Mental Health Care Often Lacking, Especially in Low-Income Nations

The Nation's Health, November 2007 | Go to article overview

Mental Health Care Often Lacking, Especially in Low-Income Nations


As many as half of all people with severe mental disorders and a vast majority of those with mild to moderate disorders do not receive any treatment, and even those who do receive treatment often face institutionalization or stigma, a recent global survey found.

Results from the World Mental Health Survey Initiative were published in the Sept. 15 issue of the Lancet and concluded that the overall picture for the world's mental health care is bleak. The gap between needs and services is especially wide in low-income countries, and available mental health interventions for people who are exposed to conflict and other disasters are often nonexistent.

"The current situation means that people with mental illnesses are at best, ignored, and at worst, actively discriminated against, in many countries," said Benedetto Saraceno, MD, the World Health Organization's director of mental health and substance abuse.

WHO's Mental Health Atlas database shows that a majority of countries in Africa and southeast Asia spend less than 1 percent of their health budgets on mental health. Low-income countries have an average of 0.05 psychiatrists and 0.16 psychiatric nurses per 100,000 population--about 200 times fewer than in high-income countries.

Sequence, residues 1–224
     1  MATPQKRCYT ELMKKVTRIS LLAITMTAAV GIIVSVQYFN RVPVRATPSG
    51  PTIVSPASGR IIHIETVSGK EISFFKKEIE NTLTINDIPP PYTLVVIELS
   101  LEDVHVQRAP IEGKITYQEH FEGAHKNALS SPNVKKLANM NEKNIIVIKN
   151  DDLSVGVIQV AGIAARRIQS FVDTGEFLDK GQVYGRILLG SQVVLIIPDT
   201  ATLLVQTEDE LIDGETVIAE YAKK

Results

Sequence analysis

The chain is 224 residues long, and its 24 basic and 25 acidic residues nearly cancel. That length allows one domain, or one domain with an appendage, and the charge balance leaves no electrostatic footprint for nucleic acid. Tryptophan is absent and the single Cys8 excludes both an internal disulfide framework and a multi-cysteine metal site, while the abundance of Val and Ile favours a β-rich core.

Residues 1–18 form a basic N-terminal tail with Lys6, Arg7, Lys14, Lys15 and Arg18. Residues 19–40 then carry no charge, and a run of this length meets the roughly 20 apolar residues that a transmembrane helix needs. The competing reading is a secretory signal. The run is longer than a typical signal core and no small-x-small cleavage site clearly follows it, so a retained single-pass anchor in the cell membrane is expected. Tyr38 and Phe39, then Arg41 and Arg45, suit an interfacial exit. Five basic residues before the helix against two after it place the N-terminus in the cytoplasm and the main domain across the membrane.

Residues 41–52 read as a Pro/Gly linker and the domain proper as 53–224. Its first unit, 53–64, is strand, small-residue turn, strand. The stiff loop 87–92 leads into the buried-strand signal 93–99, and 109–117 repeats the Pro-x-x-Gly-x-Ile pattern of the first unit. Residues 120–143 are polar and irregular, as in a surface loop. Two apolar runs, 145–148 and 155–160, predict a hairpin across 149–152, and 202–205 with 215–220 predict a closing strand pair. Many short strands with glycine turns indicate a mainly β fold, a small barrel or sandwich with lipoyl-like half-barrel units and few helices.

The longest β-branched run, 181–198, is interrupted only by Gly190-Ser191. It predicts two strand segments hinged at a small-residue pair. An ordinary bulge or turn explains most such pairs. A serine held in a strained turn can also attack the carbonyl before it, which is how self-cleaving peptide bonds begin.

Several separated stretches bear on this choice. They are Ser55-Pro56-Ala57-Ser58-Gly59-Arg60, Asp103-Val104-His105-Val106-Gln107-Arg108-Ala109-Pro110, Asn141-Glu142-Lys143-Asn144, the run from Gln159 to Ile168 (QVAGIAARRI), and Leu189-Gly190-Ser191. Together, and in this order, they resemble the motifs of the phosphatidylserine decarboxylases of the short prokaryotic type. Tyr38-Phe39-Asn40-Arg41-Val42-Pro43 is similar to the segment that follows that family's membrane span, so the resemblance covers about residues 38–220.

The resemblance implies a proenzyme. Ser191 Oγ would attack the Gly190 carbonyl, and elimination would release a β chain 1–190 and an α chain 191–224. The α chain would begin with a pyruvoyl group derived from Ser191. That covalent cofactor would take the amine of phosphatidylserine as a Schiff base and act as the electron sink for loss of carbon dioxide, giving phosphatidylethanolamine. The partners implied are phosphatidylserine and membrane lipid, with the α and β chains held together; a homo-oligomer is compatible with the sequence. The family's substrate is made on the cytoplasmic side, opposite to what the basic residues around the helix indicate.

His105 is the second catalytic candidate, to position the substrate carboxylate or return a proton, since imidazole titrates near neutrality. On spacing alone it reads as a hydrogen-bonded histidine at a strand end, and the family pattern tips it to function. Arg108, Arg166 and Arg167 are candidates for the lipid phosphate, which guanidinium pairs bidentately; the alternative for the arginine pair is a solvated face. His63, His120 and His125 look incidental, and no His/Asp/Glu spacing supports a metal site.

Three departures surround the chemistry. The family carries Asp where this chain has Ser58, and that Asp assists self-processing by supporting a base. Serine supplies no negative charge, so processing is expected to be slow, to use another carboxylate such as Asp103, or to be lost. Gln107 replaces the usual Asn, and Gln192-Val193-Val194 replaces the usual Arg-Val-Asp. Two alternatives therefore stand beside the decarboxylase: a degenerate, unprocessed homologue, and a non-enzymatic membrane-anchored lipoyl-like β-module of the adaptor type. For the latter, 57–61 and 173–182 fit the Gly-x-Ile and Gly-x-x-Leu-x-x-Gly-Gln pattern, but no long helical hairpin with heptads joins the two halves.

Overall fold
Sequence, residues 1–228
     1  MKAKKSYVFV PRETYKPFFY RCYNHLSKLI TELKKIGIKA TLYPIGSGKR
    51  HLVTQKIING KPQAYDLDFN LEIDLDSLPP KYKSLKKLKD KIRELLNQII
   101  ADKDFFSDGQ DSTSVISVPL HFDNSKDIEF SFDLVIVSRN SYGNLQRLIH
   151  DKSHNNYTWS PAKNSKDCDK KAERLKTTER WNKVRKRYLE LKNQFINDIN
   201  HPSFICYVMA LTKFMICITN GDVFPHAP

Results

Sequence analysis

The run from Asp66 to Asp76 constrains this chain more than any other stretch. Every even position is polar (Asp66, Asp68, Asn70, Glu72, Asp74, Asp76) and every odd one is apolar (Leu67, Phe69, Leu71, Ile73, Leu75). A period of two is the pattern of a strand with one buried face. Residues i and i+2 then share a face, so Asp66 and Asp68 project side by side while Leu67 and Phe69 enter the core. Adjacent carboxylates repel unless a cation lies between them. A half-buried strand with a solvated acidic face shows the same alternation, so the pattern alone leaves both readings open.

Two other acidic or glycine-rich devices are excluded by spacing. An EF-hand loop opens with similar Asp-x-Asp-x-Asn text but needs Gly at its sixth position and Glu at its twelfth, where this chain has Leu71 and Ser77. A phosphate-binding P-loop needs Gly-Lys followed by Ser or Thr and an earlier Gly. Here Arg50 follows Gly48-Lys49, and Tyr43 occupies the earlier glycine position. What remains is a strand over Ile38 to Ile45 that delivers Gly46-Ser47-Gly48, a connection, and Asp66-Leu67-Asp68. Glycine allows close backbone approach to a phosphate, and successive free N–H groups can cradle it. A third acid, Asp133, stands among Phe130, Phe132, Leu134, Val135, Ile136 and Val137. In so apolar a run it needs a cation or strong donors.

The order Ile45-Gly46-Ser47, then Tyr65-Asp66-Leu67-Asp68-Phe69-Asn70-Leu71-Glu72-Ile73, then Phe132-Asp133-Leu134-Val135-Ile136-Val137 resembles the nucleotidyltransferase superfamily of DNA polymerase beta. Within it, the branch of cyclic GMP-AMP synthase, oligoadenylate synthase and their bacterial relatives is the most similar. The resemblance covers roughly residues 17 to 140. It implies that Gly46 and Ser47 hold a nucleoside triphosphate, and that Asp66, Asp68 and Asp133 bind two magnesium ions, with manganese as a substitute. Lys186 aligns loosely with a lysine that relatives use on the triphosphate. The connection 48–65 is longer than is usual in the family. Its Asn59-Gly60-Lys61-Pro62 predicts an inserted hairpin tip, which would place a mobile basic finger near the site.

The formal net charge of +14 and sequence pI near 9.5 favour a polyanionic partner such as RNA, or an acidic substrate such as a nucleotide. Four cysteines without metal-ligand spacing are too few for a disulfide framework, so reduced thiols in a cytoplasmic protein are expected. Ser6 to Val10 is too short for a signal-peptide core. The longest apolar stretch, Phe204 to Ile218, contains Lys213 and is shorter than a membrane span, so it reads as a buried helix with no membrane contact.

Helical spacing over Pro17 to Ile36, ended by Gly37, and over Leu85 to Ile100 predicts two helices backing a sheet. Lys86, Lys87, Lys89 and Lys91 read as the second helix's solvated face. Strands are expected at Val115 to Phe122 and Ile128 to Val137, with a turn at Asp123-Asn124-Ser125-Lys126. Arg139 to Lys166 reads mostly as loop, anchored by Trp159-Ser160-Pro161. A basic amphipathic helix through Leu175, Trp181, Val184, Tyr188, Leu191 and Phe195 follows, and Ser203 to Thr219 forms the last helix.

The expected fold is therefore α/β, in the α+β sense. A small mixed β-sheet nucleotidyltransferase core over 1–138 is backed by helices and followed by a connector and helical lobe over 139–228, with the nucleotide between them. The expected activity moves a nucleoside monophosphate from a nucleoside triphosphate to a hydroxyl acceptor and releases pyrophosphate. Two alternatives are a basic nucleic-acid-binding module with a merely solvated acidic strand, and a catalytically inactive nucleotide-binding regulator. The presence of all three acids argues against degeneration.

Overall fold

On the positive side, the health survey concluded that effective, locally feasible and affordable treatments for depression and schizophrenia in low- and middle-income countries do exist. For example, a model of community-based rehabilitation for chronic schizophrenia in rural India had local community members trained as rehabilitation workers to deliver comprehensive, home-based treatment. Clinical and disability outcomes for clients in the community-based program were better than for those who received outpatient care alone. …

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